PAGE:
In a stark room full of fluorescent light and a single rubber couch a butterfly sat and worried her wings. They were very big and very beautiful and she told me about all the things and people that had hurt her while her iridescent wing lost strips ripped off in her worrying fingers. When she sobbed great big tears formed and made her heavy and she said, “I never do this, I swear – I don’t usually cry.” She wanted to fly south for the rest of forever but she loved her family so she built them something grand to help them forget her by. What she had built for her family was beautiful and delicate, constructed so carefully by a soft person for the people she loved, and what I built for her wasn’t like that at all. It was haphazard and rough, because I had spent the time we were talking just barricading that room full of fluorescent light, trying quickly to make a place for her to stay for a while where she could be safe, even if it meant she couldn’t fly there.
In a stark room full of fluorescent light a teenage bear raged and raged at a universe that had sent him careening thirty feet off a cliff and left him with three broken limbs and great big paws that were swollen and fractured. He still wasn’t sure how he had slipped off that cliff or whether he had ever stood there at all and sometimes he could forget, but when he couldn't he knew that that fall was maybe the worst thing he had ever done to himself in a long list of bad things. At those times he reeled from the shame of it and it filled him up until it overflowed into great big screams and paws pounding at pecs and sharp claws slicing. That's when I would stand up and lift my arms above my head and stretch myself as big as possible in that stark room so I could push against the edges, so I could crash my body against the walls to make the space big enough for him and his raging, and everyone outside of the room peered in but let me push the walls bigger, until the rage passed and the bear’s paws throbbed with new pain and his old wounds had opened and we sat together and stitched them back up, memories of his claws scraping desperately against a rocky bluff fading again into the background.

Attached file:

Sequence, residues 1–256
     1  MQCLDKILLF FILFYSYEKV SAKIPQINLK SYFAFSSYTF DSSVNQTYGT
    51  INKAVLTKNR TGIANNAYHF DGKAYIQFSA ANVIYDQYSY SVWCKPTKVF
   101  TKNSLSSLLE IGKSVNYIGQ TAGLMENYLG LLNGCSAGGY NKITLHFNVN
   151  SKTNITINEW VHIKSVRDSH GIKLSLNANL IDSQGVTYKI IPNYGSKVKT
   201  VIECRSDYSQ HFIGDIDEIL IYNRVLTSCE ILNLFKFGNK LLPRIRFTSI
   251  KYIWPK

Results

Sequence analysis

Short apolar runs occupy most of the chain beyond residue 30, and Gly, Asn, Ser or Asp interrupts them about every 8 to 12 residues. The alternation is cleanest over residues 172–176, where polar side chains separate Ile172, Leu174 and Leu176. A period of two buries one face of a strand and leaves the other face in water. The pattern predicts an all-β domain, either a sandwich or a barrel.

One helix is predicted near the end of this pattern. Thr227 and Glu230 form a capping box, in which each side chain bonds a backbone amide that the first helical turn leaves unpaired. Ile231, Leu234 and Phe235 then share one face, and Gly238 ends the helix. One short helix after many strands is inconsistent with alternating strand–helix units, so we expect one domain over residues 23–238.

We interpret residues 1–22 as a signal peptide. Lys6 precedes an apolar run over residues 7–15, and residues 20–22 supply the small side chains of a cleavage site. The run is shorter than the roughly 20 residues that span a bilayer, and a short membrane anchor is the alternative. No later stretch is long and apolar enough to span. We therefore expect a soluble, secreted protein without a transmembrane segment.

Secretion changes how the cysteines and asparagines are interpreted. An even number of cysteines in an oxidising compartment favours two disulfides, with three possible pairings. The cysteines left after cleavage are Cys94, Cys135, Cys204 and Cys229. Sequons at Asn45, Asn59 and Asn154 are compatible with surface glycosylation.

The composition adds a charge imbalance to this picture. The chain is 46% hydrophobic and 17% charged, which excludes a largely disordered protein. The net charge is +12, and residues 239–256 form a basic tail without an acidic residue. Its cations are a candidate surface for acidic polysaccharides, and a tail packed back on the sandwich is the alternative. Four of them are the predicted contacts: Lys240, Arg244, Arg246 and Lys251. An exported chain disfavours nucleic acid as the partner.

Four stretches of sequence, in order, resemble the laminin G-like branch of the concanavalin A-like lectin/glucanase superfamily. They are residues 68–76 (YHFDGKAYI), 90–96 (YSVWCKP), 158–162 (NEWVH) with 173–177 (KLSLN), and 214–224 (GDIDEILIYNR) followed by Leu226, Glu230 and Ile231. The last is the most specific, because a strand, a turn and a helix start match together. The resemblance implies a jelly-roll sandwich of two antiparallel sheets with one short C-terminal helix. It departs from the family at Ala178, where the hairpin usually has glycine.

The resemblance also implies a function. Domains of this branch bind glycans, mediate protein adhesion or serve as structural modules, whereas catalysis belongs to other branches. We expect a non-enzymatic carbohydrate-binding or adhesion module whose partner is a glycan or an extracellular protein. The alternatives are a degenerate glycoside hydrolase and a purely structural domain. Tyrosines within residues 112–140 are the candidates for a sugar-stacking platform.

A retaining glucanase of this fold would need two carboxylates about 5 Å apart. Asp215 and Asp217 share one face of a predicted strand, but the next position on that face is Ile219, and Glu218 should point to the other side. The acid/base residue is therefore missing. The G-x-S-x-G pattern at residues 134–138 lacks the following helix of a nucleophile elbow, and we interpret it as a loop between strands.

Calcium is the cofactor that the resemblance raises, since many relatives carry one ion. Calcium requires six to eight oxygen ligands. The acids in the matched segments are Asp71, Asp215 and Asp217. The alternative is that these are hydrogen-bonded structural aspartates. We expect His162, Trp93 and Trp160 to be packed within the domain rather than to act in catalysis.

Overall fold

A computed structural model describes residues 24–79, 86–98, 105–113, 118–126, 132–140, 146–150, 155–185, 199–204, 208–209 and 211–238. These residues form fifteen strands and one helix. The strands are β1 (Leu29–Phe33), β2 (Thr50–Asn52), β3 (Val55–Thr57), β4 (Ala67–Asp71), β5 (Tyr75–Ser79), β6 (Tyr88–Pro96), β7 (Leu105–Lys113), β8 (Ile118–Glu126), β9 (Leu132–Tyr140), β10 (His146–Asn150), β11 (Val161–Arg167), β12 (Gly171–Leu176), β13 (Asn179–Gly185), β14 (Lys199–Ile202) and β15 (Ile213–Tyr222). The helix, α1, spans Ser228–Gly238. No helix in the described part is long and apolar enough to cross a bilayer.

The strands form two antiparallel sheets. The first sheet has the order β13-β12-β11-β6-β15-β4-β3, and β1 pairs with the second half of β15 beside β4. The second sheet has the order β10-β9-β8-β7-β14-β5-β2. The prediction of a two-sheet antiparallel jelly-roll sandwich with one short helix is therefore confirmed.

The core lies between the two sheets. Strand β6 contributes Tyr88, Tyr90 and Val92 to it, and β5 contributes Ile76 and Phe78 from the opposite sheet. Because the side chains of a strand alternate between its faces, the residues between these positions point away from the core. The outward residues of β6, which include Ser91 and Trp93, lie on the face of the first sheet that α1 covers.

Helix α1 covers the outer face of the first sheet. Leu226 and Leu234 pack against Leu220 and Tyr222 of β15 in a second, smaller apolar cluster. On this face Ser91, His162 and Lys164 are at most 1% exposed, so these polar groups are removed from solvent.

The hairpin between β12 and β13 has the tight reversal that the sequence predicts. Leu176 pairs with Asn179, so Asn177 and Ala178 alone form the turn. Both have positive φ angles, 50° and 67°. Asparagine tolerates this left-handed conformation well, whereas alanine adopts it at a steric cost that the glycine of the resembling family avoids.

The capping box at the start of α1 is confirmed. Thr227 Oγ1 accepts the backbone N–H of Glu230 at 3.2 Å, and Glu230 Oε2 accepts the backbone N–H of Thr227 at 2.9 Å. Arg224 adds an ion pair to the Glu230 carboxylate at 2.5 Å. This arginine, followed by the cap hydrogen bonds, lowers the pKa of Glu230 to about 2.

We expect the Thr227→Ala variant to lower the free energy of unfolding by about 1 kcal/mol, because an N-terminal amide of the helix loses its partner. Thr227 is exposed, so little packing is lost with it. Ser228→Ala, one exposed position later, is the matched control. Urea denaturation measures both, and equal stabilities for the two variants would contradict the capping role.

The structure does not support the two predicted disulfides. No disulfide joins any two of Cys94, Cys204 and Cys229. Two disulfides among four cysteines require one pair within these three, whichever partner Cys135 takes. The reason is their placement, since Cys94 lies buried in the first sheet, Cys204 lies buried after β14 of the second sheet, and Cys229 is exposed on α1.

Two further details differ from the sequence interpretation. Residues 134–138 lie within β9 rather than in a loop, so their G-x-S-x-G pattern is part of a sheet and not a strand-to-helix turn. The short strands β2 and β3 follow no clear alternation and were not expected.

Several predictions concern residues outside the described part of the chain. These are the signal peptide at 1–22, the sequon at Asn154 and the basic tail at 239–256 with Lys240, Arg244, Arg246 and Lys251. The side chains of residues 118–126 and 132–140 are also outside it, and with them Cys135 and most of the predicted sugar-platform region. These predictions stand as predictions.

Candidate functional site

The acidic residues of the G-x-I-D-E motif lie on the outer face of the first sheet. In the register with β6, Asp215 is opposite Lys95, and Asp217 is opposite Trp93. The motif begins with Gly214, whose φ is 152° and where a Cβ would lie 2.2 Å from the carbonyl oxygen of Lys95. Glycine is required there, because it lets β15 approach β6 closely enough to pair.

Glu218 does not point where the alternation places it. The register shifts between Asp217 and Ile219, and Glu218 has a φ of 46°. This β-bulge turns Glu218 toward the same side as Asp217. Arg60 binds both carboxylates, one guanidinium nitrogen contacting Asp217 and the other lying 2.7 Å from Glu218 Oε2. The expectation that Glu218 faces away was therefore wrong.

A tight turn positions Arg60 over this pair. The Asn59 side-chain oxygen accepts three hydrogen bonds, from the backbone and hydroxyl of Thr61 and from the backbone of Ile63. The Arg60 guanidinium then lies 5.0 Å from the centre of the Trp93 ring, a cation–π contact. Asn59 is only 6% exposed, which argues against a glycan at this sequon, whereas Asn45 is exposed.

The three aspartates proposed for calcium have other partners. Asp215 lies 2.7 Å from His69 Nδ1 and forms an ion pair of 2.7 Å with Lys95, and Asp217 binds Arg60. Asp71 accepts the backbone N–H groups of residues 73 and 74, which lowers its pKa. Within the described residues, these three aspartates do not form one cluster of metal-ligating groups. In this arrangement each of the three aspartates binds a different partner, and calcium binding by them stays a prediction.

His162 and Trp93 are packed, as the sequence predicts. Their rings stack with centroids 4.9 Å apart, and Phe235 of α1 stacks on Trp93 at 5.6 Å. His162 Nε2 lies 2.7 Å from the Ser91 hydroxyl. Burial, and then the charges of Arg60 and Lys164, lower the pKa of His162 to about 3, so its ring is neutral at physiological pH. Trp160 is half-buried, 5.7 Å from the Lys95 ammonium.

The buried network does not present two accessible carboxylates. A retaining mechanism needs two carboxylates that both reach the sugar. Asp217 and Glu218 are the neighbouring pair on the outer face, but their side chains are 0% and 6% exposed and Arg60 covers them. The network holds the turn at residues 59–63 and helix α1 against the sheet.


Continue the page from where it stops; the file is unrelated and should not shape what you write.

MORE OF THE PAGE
In a stark room full to the brim of fluorescent light there was an insect. He sat calmly on the gurney until I entered the room and he trained his hundred eyes on me. They glimmered and glistened with something unfamiliar to me as his mother sat beside him begging him to turn away. The insect didn’t listen though and his hundred eyes bulged with that glistening glimmering sickness that started over time to coat everyone that was near him in slime. His mother, soaking the seat of a chair with it in another room, begged me to take her son somewhere else for a while, where maybe that sickness could drip away onto something besides her family.
When I went back into that room the insect turned his dripping hundred eyes on me again. I sat down on the seat across from him to tell him he’d be going to the hospital. I knew he’d be upset but wanted to tell him eye to eyes. I chose my words carefully and handed them over gently, but suddenly wings six feet wide that I didn’t see before unfurled behind him and he launched into the air above me, landing fast to grasp my hands harder than I could stand, harder than I could comprehend for a moment until I wrenched myself free and tried not to pinch the glowing of his wing in the door as I closed it on that stark room full of fluorescent light, sopping wet with his sickness. My heart beat hard outside the room.
In a stark room there was a lioness sitting on a rubber couch under the fluorescent light. She growled angrily every time we walked past, and stood back on her hind legs when she saw us and said, “Oh hey look, it’s the shrink squad.” She was sick, though, and wouldn’t let us take her vitals, and one time I sat down in front of her and looked deep into her deep brown feline eyes and asked her please to let us take her temperature because I was worried about her health. “No!” she said. “You don’t care about my health, you just care about covering your ass. If you really cared about my health, you’d hold my hand, you’d look in my eyes.” I sat down in front of her then and I took her big paw in mine where the claws sat conspicuously in their sheaths and I held it and I looked in her eyes and I said, “Please let us take your temperature. I’m truly truly worried about your health.” Her eyes were surprised and she let me nudge the cold thin rod of a thermometer under her tongue alongside her big teeth. The next day she said if we truly cared we’d bring her flowers, we’d bring her cake. We didn’t do those things but she did stop calling us the shrink squad.
HIPAA Disclaimer: All of my stories are fictionalized and I never share PHI. Details are always changed, added, obscured or omitted. Most stories aren't about a single patient but rather are mished and mashed and sorted for narrative sense.
Photos are taken by myself from the Yayoi Kusama Infinity Mirrors exhibit at SAM.